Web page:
The Tactical Traveler



This week: Flying first class in Delta's dust; local voices on the Northwest strike; flat-rate mobile-phone pricing; a book of business-travel tips; a new Swiss carrier slashes fare; and more.

COUNTER INTELLIGENCE: Flying First in Delta's Dust
Delta Air Lines has scrapped its 15-month attempt to sell both first and business-class service on international flights. Starting in December, Delta moves to two cabins: standard coach and a "super-business" class akin to the service offered by Continental, TWA, Virgin Atlantic and US Airways. Delta clearly doesn't have its two-class act in order yet. In its announcement last week, Delta didn't have a name for the new cabin and released no details about the chairs, the seat pitch, the in-flight service or amenities. In fact, the retrofit of Delta's fleet of 767s and MD-11s won't even start until December. The conversion period will last eight months. And therein lies an opportunity to fly first for the cost of business class. Delta will stop selling first-class tickets on December 1, but it will continue flying some planes equipped with its first-class cabins for months afterward. Who gets those old first-class seats? Travelers who pay business-class fares and are smart enough to request far-forward seats, which, of course, will be located in the soon-to-disappear first-class cabin. Talk to your travel professional, examine Delta's international seat maps carefully, and think tactically for the next several months.

CYBERTRAVELER: Local Voices on Northwest
The pilot strike at Northwest was just the start of the labor troubles at the nation's fourth-largest airline. The carrier's machinists rejected a contract offer recently and are prepared to set a strike deadline as soon as a federally mandated 30-day "cooling off" period is imposed. Flight attendants and just about everyone else at the airline are also working without a contract. How do you keep up with the soap opera? Try the local papers in Minneapolis-St. Paul and Detroit, Northwest's domestic hubs. The web site of the St. Paul Pioneer Press ( did a bang-up job covering the pilots strike. So did the web sites of the Minneapolis Star Tribune ( and the Detroit Free-Press (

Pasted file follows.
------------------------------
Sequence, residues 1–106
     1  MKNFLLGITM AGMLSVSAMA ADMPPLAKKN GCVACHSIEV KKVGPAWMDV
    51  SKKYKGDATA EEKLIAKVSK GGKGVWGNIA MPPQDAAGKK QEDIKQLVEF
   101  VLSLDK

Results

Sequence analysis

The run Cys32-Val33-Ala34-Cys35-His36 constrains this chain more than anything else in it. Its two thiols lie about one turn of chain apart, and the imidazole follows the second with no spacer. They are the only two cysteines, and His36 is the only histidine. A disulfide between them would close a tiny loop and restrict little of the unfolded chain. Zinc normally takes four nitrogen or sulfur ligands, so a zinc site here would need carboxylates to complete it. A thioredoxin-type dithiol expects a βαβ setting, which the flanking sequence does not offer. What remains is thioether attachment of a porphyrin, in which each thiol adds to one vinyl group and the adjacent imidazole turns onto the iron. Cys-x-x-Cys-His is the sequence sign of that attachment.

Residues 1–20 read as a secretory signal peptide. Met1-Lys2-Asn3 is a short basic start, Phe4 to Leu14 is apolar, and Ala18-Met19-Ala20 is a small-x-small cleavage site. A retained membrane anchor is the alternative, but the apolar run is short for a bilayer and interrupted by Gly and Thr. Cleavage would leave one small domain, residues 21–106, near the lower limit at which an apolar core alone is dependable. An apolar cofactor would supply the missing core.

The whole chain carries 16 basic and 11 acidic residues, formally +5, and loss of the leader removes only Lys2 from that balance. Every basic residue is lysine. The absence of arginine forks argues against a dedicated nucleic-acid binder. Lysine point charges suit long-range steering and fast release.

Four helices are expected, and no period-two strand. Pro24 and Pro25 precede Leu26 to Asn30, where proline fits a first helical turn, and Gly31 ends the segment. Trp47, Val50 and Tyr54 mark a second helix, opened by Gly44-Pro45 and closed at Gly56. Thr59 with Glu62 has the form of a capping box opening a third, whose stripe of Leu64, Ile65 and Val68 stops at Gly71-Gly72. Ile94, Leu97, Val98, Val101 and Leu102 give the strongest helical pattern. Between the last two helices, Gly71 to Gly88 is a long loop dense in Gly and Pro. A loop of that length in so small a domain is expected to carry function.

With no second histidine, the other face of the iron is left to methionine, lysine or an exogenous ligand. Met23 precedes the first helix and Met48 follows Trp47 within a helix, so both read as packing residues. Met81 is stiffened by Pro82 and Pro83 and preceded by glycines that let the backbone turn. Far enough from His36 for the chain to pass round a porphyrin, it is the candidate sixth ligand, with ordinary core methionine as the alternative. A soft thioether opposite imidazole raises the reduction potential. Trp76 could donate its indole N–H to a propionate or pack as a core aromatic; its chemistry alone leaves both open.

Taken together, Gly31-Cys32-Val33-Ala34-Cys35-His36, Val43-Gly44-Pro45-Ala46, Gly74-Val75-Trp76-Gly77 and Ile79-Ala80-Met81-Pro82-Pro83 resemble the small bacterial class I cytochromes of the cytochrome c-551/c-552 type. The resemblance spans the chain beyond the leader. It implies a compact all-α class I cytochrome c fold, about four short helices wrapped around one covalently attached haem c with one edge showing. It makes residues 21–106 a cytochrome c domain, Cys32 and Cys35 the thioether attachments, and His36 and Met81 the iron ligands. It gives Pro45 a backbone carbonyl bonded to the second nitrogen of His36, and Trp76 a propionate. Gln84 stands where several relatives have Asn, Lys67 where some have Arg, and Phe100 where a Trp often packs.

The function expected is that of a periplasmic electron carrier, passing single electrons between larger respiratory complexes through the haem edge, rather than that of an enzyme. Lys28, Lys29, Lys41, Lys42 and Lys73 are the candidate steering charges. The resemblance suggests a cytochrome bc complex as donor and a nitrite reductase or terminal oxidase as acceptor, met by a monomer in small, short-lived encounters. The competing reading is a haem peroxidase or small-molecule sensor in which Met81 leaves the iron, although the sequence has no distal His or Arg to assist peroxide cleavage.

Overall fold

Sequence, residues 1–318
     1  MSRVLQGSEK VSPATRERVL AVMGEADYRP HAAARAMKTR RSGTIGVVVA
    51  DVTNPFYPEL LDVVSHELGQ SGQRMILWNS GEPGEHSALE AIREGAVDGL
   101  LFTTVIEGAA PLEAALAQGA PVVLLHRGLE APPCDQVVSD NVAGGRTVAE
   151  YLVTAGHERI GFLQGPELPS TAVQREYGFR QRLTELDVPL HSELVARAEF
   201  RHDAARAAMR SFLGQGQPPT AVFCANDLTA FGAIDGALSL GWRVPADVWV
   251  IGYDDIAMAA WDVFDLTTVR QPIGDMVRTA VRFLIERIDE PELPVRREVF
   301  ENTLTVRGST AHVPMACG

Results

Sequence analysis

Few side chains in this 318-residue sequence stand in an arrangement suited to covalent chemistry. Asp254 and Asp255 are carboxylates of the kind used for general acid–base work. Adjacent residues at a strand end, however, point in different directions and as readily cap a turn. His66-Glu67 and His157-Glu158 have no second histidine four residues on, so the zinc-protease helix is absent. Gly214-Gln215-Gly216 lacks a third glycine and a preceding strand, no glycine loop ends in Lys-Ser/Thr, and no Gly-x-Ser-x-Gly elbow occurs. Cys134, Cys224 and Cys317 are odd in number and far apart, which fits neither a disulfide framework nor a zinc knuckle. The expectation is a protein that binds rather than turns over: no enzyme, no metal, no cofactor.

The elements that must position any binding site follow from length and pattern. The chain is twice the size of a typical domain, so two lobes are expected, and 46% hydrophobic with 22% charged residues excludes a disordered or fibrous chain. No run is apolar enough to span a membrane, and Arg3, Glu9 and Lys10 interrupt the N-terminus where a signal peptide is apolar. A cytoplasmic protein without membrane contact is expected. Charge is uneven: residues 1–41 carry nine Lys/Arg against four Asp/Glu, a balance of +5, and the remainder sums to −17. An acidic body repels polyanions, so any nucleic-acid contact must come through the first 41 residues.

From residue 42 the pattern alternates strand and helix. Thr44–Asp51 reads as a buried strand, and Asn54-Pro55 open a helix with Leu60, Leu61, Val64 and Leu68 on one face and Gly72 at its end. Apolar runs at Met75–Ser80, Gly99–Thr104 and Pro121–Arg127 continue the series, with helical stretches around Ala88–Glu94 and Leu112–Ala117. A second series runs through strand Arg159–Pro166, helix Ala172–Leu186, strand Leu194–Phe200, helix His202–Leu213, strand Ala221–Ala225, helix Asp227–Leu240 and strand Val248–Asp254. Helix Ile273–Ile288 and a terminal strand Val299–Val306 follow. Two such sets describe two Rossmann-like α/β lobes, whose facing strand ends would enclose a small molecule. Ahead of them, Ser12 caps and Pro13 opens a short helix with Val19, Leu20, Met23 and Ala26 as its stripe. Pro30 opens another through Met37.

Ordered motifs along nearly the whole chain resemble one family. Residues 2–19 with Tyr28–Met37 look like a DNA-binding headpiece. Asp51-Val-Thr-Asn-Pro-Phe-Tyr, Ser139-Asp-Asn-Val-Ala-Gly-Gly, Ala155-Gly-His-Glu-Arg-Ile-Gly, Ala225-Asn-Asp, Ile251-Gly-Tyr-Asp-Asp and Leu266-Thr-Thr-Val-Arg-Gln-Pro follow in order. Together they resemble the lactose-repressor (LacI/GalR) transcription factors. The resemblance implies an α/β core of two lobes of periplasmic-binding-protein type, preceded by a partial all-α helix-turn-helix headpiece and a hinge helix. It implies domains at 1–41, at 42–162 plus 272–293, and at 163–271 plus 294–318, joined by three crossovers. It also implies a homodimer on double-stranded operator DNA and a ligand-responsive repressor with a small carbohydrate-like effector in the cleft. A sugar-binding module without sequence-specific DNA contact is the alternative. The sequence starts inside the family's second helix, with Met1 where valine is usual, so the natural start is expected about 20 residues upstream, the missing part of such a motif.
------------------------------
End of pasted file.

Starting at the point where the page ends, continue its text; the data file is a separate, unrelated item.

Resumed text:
DOLLAR WATCH: Flat-Rate Phone Pricing
When AT&T Wireless (800-IMAGINE) introduced the Digital One Rate plan (Tactical Traveler, June 1), we predicted its flat-rate, nationalwide pricing scheme would revolutionize the wireless-phone business. After all, who wouldn't want to pay less for cell calls (as low as 11 cents a minute) than most people pay for corded calls? It's taken months for AT&T's national competitors to catch up--at first, in fact, they denied One Rate was particularly innovative!--but now they've leveled the playing field. Sprint (800-480-4PCS), Omnipoint (800-BUY-OMNI), and Nextel (800-NEXTEL9) have all introduced similar flat-rate plans in recent days. The bottom line: check your service provider and make sure you're got the most practical and cost-effective plan. Meanwhile, the presumptive satellite-phone revolution suffered two setbacks last week. Iridium (, which hoped to start its one world/one phone commercial service next week, has delayed the launch of its service for at least a month. And GlobalStar, which planned to begin worldwide wireless service next year, lost a dozen communications satellites when a rocket failed on takeoff.

You've probably seen Chris McGinnis on his early-morning CNN gig or read his business-travel column in the Atlanta Journal Constitution. Now he's got a new book, "The Unofficial Business Traveler's Pocket Guide." Except for the fact that the paperback is too fat and too wide to fit in any pocket I've got, I can recommend it unconditionally. New business travelers will learn a ton from the book's 165 well organized tips. Savvy business travelers will find it a terrific reference work and a marvelous cheat sheet. Published by McGraw-Hill, it's a bargain at $10.95; it is available in most bookstores or at the sundry shops located inside many Marriott hotels.

THE WEEKLY WONDER: New Airline, Cheap Fares
It isn't every day a new airline starts. In fact, when we're talking transatlantic carriers, it isn't even every decade. But Swiss World Airways got off the ground on September 10, inaugurating six-day-a-week service between Newark and Geneva, Switzerland. Conceived in a pique after Swissair moved most of its transatlantic service from Geneva to Zurich, Swiss World has been more than a year in the making. The payoff for the wait: rock-bottom fares. Until September 22, a rebate deal will knock one-way fares down to $84 in coach. One-way business fares are as low as $334 and first-class seats are as low as $634. After September 22, the one-way price structure will be $168 (coach), $668 (business) and $1,268 (first). The toll-free reservation number is 011-800-11-767-767.

This column originally appeared at

Copyright 1993-2007 by Joe Brancatelli. All rights reserved.